Is Fare-Free Transit Worth Reduced Transit Service?

Transit advocates worry that the movement to eliminate fares will come at a high cost to transit-dependent riders who rely on frequent, reliable service to reach jobs and services.

Read Time: 2 minutes

November 19, 2021, 5:00 AM PST

By Diana Ionescu @aworkoffiction


SMART Bus

Mysid / Wikipedia

While many transit agencies are considering reducing or eliminating fares to boost ridership, some policymakers worry that the lost revenue will have a negative impact on transit service and the people who rely on it, writes Luz Lazo in The Washington Post.

Local transportation and political leaders say that while the pandemic has harmed transit, it also highlighted its critical role for 'essential' workers. Many kept riding to get to jobs at grocery stores, restaurants and hospitals as workers with more flexibility stayed home. Bus ridership has fared better than rail ridership during the pandemic, in large part because of service workers.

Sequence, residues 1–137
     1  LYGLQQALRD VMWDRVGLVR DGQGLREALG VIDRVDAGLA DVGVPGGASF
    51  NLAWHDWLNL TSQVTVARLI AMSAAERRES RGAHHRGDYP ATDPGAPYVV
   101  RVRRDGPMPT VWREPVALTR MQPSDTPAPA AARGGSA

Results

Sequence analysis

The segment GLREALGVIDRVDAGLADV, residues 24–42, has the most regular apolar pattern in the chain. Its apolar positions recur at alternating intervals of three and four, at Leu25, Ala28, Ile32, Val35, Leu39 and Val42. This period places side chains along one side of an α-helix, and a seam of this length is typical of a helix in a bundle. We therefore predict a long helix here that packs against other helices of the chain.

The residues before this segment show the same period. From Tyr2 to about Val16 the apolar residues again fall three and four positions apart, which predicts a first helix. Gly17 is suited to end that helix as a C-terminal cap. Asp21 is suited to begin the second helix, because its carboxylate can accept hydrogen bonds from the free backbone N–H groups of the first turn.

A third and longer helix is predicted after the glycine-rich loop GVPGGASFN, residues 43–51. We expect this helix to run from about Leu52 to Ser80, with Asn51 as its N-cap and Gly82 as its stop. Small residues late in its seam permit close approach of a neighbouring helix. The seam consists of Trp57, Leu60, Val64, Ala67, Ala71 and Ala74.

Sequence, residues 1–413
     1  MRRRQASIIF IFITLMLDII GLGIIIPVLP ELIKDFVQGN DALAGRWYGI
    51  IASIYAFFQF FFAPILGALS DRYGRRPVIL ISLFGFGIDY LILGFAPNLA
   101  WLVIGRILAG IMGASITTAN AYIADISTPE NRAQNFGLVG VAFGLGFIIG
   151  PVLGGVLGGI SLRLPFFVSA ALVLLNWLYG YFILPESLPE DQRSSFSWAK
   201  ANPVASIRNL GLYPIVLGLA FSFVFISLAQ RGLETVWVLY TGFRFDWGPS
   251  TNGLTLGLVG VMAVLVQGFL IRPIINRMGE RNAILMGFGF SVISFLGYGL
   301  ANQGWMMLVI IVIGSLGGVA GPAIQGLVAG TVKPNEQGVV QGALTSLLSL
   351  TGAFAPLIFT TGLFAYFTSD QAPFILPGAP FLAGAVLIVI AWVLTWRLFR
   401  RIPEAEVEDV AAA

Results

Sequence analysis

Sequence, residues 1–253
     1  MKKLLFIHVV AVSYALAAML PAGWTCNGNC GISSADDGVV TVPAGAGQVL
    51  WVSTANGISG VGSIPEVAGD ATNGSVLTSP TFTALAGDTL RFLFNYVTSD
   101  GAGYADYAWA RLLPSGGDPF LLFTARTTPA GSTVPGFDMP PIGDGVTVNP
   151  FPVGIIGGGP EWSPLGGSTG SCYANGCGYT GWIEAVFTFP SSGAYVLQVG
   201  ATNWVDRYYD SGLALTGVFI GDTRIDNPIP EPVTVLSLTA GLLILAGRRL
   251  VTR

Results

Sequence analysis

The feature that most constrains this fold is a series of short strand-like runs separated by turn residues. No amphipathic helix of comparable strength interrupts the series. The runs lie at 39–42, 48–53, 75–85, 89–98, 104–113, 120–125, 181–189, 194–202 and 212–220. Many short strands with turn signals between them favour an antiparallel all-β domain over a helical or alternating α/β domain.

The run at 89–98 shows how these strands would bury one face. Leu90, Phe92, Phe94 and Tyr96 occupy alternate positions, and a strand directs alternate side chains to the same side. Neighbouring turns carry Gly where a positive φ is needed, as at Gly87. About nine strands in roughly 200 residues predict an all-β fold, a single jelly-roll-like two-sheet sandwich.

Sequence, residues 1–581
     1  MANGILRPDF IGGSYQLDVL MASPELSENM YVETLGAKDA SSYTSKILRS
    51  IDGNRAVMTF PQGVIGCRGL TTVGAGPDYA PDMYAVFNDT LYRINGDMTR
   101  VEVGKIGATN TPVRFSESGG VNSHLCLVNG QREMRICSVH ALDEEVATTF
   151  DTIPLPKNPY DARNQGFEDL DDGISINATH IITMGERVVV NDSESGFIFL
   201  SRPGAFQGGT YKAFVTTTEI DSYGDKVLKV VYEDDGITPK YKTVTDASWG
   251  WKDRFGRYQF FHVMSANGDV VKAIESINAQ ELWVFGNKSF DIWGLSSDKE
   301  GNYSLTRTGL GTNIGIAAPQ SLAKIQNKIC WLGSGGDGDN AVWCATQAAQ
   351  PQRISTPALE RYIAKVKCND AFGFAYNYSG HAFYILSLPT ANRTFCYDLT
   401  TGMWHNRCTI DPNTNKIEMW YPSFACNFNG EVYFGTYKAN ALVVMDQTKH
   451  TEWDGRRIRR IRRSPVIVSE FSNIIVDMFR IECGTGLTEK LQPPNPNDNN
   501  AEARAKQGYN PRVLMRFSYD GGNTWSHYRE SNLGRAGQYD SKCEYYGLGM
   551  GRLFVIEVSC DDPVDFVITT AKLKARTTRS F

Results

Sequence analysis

With fare revenue sometimes covering as much as a quarter of transit operations, agencies that eliminate fares must rely more heavily on other local, state, and federal funding sources. In the Washington D.C. region, Lazo writes, "loss of fare revenue would translate to nearly $170 million that jurisdictions would need to find from federal, state or local sources."

Lazo details the fare reduction proposals of various D.C.-area agencies, but cites surveys showing that frequency and convenient routes play a more important role in whether people choose to use transit than cost. Reduced fares can encourage more people to use public transportation, but only if it takes them where they need to go. Meanwhile, riders who rely on it worry that reduced service will make it even more difficult to get around.

The concept of fare-free transit picked up steam during the pandemic as transit agencies sought ways to bring riders back. Advocates say eliminating fares is an important step toward transit equity. And, to be clear, the structural deficits of transit operations still threaten the future of public transit.

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